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Events, Uncategorized

The Big Bang Fair – Birmingham 2014

UCL Medical School students and staff participated in this year’s Big Bang Fair held at the Birmingham NEC (13-16thMarch).  The fair is aimed at 7-19 year olds and promotes careers related to science, technology, engineering and maths and this year was attended by about 80,000 children.


This event provided the perfect opportunity to promote issues surrounding organ donation as part of a UCL Grand Challenge to increase awareness of organ donation in black and minority ethnic groups.


Medical school staff including Katherine Woolf, Jayne Kavanagh and Zaheer Mangera have been contributing to this campaign, joining staff from other departments including lead collaborators Bimbi Fernando, Elizabeth Kruse, Amir Gander, Jessica Sims and Cecil Thompson.  On the day there was also assistance from first year medical students Margarita Kousteni and Anxhela Gradeci.


The event allowed children to dress up like the traditional doctor with a white coat and stethoscope, helping virtual patients experiencing organ failure.  Then they performed an “operation” on an anatomy model, getting the children to think about where different organs lie in the body.



During these activities there were plentiful opportunities to raise awareness about the shortage of organs with children and their parents and we received an overwhelming positive response.  It was an action packed four days and the team demonstrated enthusiasm and excitement throughout, really engaging with hundreds of children and spreading a very important health message.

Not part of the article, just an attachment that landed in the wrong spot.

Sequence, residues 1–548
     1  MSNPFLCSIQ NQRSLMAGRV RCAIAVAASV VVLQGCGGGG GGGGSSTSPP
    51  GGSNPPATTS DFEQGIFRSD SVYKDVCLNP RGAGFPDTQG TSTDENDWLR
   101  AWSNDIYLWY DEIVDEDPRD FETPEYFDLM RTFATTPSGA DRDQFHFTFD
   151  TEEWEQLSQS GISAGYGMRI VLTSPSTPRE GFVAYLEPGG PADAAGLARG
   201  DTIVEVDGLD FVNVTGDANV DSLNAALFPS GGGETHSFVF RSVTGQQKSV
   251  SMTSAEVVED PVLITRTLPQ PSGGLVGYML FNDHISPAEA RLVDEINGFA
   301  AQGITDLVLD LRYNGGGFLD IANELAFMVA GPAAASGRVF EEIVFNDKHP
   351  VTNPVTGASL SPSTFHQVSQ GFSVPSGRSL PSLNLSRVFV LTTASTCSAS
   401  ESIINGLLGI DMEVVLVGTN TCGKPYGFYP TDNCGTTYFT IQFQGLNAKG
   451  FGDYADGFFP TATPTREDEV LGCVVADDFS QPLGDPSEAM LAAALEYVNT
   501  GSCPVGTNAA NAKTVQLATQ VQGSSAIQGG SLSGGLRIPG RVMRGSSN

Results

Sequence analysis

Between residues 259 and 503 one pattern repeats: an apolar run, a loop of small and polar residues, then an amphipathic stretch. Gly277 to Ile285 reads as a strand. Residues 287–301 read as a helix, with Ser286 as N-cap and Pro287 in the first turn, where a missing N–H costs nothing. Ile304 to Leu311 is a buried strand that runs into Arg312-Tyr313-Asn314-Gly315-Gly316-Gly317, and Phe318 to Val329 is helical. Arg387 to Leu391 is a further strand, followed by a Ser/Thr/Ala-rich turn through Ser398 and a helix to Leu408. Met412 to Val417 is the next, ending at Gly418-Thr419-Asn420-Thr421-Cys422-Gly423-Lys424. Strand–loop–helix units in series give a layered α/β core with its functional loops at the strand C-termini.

It is well known that organ donation and transplantation are important issues for people from Black and Minority Ethnic (BAME) groups. They are overrepresented on the active transplant waiting list due to prevalence of particular conditions (e.g. diabetes, hypertension and hepatitis), underrepresented as donors and nearly twice as likely as people from whitebackgrounds to refuse organ donation from their deceased relatives. The problem is due, at least in part, to a lack of awareness by these groups of the Organ Donor Register (ODR) and the need for organs for transplants, because of faith and cultural stances toward organ donation, and because of a perceived lack of trust in doctors and the healthcare profession.  The Grand Challenge project will continue to raise awareness about organ donation and specifically highlight this problem and so keep an eye out for future events.



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